Effect Of Overfishing

Effect of overfishing

When we think of the destruction of the oceans, most people think of destruction from pollution. Although chemicals and plastics have a huge impact on marine life and ecosystems, it is very important to consider another major issue that is having detrimental effects on marine systems.

Effect Of Overfishing

Destructive fishing includes practices that have an effect on marine populations irreversibly and may destroy habitats of marine organisms. In keeping with the WWF, if this continues, there’ll be no additional fish left within the oceans by 2048. Over thirty % of the world’s fisheries are overfished.

We need strict rules and laws to prevent catastrophe. Destructive fishing is mainly practiced in developing countries that do not have fishing regulations. These methods are used because they are effective in getting a large amount of fish in a short time, saving anglers time and effort.

Some dangerous methods include overfishing, blast fishing, bottom trawling, and cyanide fishing.

Overfishing is once fish are captured before they’ll reproduce, which may considerably scale back population sizes within the future. This disturbs not solely the species that are harvested but conjointly the opposite organisms that rely on them and doubtless the complete ecosystem.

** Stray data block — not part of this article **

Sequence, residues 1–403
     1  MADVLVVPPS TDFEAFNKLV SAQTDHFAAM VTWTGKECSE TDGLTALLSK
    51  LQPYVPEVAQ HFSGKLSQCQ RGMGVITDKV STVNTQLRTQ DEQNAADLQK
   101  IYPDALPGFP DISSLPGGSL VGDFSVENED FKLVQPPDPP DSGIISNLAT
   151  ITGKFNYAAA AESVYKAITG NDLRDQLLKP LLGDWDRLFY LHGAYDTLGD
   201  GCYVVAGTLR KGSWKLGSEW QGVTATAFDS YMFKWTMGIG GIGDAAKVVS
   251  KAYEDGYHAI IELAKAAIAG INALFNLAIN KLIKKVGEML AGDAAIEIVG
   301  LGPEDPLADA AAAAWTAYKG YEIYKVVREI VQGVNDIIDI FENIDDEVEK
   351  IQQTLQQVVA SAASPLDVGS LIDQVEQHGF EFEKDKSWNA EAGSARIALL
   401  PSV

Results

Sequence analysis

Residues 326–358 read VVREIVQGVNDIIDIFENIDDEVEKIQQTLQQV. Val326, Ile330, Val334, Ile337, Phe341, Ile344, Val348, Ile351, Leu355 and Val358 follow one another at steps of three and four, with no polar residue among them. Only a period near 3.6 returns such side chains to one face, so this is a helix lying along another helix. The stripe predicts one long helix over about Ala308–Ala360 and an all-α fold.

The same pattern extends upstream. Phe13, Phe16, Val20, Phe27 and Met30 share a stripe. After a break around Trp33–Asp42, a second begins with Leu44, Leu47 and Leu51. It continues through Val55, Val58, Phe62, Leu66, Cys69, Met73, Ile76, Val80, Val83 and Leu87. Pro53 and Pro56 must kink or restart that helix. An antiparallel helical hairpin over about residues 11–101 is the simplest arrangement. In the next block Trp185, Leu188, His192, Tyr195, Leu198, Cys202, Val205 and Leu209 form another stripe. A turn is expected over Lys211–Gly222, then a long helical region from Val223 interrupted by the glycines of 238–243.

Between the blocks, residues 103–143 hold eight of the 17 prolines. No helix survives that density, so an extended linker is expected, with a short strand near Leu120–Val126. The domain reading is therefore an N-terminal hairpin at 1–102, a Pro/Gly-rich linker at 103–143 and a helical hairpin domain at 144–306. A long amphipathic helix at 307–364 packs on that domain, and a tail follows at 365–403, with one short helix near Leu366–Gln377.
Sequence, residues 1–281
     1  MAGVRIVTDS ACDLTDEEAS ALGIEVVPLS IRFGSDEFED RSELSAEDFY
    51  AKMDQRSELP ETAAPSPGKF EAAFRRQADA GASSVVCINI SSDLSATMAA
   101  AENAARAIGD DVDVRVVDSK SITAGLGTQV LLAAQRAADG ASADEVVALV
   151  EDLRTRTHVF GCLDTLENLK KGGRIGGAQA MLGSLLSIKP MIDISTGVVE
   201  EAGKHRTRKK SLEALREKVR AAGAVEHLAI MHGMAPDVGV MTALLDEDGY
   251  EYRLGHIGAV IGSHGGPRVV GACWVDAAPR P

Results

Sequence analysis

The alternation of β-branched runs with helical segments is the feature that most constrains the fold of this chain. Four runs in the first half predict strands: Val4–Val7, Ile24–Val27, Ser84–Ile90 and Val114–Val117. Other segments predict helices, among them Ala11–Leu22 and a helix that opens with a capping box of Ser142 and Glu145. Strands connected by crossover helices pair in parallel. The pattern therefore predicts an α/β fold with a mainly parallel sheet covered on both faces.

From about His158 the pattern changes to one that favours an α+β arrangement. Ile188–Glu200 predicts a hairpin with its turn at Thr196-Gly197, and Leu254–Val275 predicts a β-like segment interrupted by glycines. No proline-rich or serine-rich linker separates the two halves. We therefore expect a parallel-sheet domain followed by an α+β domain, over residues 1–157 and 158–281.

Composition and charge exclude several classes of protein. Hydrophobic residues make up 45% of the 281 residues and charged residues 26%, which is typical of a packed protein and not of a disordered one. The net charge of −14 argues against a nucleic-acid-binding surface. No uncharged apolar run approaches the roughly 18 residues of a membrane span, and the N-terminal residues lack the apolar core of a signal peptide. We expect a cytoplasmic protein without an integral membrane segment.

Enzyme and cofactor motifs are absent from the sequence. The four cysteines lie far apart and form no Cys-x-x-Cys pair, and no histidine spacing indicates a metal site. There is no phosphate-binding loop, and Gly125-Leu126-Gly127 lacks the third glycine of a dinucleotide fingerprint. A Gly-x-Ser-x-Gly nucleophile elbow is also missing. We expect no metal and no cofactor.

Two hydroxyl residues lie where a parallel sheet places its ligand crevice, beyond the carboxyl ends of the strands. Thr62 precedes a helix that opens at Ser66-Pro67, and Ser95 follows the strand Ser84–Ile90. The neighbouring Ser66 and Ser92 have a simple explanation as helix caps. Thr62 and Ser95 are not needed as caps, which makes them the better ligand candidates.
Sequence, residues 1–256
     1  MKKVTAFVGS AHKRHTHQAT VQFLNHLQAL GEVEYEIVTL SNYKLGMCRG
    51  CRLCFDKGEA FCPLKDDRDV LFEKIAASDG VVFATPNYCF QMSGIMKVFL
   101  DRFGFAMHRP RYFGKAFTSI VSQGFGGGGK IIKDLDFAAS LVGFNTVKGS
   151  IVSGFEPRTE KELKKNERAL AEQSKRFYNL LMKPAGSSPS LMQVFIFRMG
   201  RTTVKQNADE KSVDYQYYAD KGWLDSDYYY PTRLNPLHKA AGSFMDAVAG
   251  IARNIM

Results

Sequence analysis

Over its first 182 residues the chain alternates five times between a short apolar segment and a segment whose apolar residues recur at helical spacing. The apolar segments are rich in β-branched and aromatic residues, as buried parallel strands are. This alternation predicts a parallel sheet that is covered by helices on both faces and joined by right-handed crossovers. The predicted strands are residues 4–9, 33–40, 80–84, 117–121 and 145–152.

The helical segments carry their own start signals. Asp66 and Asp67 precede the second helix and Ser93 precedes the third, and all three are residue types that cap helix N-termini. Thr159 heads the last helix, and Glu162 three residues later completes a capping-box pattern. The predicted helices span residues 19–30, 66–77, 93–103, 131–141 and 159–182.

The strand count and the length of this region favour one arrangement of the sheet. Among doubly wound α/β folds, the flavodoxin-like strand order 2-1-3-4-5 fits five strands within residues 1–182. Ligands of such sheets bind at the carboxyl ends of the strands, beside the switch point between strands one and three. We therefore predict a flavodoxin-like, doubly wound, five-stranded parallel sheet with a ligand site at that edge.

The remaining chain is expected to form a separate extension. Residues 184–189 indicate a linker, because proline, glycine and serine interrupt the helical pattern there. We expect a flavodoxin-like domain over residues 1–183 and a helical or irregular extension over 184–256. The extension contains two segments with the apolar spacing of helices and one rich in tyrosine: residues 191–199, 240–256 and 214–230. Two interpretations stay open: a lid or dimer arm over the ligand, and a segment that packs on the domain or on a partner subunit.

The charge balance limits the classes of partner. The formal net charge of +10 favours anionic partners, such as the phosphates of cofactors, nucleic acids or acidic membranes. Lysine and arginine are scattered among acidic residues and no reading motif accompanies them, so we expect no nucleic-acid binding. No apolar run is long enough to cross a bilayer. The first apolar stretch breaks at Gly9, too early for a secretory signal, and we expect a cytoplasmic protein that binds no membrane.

– In 40 years there has been a decline in 39% in recorded marine species
– Around 93 million tons of fish were caught worldwide.
– Entire species, such as the Pacific Bluefin tuna and swordfish, are highly endangered and are at an all-time low.
– Other marine species, such as whales, dolphins, and turtles, are unintentionally killed as a result of over-fishing.

A major issue is open access to the ocean and therefore the absent rules and observance of the water. because of the redoubled range of fisheries, management has begun to slack. Current rules and regulations aren’t strict and don’t mark a limit of intake. additional importantly, there’s very little to no international fishing regulations.

Even if the nations did move to fight this issue, we tend to still face illegal fishing. to scale back the intake of fish it ought to be necessary to report intake and there should be the most limit that’s determined by biologists and not companies.

In addition, we want additional intensive ocean monitoring, which may be tough because of the quantity of fisheries and large area.

The WWF states that the populations that are mainly targeted are top predators in the ecosystem such as bluefin, salmon, tuna and sharks. This is because of the economic and social demands of the fishing industry. Decreases within the prime predator population can severely disrupt different marine populations,

A prime example of this is increases in population sizes of smaller marine animals at the bottom of the food web that are fed on by top predators. This impacts other aspects of the marine ecosystem such as increases in algal overgrowth, which can be dangerous to coral reefs. Algae, although essential for the ecosystem, can have negative effects if there is a large abundance.

Another issue that is closely related to over-fishing is by-catch. By-catch refers to non-target animals such as turtles or dolphins that are captured or killed in fishing nets. This threat causes the loss of billions of fish and other animals such as sea turtles and cetaceans.